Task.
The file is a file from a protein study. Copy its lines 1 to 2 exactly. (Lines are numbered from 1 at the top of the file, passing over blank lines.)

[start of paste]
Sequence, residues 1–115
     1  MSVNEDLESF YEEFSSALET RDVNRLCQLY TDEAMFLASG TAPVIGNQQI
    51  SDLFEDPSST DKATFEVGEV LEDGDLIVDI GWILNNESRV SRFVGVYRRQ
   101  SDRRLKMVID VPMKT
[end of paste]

Sequence, residues 1–115
     1  MSVNEDLESF YEEFSSALET RDVNRLCQLY TDEAMFLASG TAPVIGNQQI